Welcome Home Cornish Crackler!

A few weeks ago when we went to top up our supply of one of the most wonderful cheeses in the world, ever; Davidstow Cornish Crackler, we found, to our horror, that the price had gone up somewhat. 

"In the current financial climate" this was not good news and I am ashamed to say that we chickened out and bought a cheaper cheese.  We haven't eaten it though!

A couple of days ago feeling sad and cheese-less we invested in the real thing and am so glad to welcome it back to our home, our hearts and our palates.  Never again will I put petty considerations such as having no money before the morality of cheese.

a pack of lovely Cornish cheddar cheese
What's so good about it you may ask, if you've never tried it.  Well ...

~   A good strong complex delicious real Cheddar flavour,
~   A wonderful crumbly texture which not only makes it ideal for cooking with, as it melts very well, but also comes with a bonus; you absolutely have to have a Cook's Treat of the crumbs whilst preparing a meal and may I suggest a Chef's Coffee with that?
~   It is not only British and English it is Cornish so for me it is also local produce too for which, as you know, one gets brownie points.
~   This is the best thing - throughout the cheese are tiny salty crunchy nuggets of what I believe to be protein crystals but whatever they are - gorgeous!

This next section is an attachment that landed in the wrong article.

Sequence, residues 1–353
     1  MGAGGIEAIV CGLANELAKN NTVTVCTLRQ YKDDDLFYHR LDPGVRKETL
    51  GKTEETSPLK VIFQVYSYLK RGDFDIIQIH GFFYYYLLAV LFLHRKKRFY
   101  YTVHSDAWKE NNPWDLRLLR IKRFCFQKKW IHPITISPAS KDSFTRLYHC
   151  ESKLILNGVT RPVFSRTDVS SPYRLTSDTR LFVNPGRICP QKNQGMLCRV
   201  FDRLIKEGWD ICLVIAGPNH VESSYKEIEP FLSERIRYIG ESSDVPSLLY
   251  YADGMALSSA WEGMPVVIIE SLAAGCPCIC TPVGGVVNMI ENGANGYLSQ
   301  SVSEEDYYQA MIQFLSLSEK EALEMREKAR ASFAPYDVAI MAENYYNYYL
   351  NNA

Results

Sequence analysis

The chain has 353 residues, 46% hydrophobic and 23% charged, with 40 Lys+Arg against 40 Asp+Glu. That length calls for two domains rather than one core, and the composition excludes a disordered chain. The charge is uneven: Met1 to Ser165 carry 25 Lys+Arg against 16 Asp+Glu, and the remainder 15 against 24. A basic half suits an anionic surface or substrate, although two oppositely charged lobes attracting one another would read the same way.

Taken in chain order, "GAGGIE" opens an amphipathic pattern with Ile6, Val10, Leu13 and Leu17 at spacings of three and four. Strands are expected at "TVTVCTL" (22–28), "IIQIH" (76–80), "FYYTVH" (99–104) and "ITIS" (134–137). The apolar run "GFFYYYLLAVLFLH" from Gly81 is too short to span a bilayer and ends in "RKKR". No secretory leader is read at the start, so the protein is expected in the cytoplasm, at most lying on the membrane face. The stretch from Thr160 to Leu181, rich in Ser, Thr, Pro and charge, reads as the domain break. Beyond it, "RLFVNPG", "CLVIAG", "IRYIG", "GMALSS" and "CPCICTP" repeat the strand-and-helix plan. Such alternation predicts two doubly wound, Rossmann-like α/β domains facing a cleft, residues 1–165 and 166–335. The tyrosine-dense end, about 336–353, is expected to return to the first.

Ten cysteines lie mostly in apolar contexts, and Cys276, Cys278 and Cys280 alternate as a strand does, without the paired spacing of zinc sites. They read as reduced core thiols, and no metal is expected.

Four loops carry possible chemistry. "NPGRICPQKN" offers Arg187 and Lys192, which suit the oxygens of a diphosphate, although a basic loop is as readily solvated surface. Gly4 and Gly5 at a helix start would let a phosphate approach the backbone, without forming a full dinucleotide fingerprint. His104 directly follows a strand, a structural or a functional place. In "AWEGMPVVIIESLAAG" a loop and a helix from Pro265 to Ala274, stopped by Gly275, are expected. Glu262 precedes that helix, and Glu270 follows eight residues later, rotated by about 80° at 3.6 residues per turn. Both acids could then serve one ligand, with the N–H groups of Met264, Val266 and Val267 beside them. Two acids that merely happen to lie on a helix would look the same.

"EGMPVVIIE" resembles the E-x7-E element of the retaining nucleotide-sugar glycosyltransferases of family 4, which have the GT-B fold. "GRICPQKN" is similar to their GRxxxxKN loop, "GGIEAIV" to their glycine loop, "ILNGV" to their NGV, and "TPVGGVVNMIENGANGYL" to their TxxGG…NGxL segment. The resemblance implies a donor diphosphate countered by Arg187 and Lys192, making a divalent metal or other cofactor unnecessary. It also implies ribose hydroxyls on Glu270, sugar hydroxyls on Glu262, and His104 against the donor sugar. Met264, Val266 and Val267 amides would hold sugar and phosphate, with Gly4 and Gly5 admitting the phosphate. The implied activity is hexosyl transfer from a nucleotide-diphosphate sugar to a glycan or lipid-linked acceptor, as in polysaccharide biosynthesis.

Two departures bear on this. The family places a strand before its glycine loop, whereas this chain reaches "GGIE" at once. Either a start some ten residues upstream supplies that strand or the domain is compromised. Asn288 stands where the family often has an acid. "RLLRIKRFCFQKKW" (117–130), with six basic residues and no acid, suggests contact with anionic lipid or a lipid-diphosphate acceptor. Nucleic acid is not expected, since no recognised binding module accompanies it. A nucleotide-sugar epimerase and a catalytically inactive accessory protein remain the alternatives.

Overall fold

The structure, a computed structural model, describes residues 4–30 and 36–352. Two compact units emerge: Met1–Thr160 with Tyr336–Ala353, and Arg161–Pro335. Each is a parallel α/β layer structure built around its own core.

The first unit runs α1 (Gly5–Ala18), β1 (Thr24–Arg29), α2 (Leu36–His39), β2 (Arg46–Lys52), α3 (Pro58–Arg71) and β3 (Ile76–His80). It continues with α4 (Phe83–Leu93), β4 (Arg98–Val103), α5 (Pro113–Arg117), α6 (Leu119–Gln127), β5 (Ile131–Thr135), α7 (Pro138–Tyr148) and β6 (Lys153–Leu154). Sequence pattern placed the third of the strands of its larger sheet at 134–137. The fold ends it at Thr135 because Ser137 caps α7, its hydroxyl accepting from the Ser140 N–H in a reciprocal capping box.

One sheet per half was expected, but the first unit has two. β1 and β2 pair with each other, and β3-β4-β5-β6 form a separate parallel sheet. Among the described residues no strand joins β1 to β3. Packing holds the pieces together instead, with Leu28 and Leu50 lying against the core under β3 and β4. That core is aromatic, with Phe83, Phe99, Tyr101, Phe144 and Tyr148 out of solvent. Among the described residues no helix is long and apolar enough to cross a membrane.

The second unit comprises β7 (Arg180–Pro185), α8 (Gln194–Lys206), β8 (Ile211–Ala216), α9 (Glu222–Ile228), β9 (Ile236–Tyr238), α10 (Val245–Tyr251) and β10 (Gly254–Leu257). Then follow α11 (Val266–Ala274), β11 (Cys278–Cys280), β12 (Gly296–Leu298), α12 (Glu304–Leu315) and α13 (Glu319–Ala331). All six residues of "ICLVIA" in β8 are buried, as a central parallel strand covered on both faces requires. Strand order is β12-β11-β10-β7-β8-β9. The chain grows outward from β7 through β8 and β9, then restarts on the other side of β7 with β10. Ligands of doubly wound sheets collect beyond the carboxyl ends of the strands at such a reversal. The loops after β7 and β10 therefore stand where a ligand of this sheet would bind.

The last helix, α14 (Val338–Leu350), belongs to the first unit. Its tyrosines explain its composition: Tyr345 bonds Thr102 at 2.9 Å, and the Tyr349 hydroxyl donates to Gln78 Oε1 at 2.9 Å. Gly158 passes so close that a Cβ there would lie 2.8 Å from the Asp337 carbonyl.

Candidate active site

close up of protein crystals in Davidstow Cornish Crackler cheddar
Very close up!
Anyhoo - if you like cheese you'll love this, Gromit.

I'm afraid I haven't done any cooking with Crackler recently, just nibbled on it and grinned. However see ... 

Leftover dinner? Do this!

I'd like to suggest a simple cooking method which is ideal for using up leftovers; munging! 

turn leftover dinner into a delicious fritter!
Pin so you don't forget!
For instance a recent dinner comprised cod in a buttery leek and lemon sauce, new potatoes and veggies.  As is so often the case I couldn't eat the lot so put my leavings on a tea plate in the fridge in the hope inspiration would hit by lunchtime. 

It did - I'd mash it up together!  I just put everything except the lemon slice in a bowl and squashed it together with my hands till it was well merged 

I formed the result into a cake, coated it with panko crumbs (normal breadcrumbs would work too) and fried myself a lovely lunch which I much preferred, in fact, to the original meal!  

I think this "method" would be useful for all sorts of leftover dinners, so long as there is some potato involved and not too much gravy or sauce.  Give it a go!!!

Incidentally "munging" seems to have several new defintions ...

~   The deliberate alteration of an e-mail address on a Web page to hide the address from spambot programs that scour the Internet for e-mail addresses.
~   To transform data in an undefined or unexplained manner, changing data into another format.
~   A trademark for a canned meat product consisting primarily of chopped pork pressed into a loaf.
~   Something utterly disgusting, either generally or specifically.
~   To munch up, in common use in Scotland in the 1940s, and in Yorkshire in the 1950s.

It is the final definition I am referring to here.

My New Store-Cupboard Essential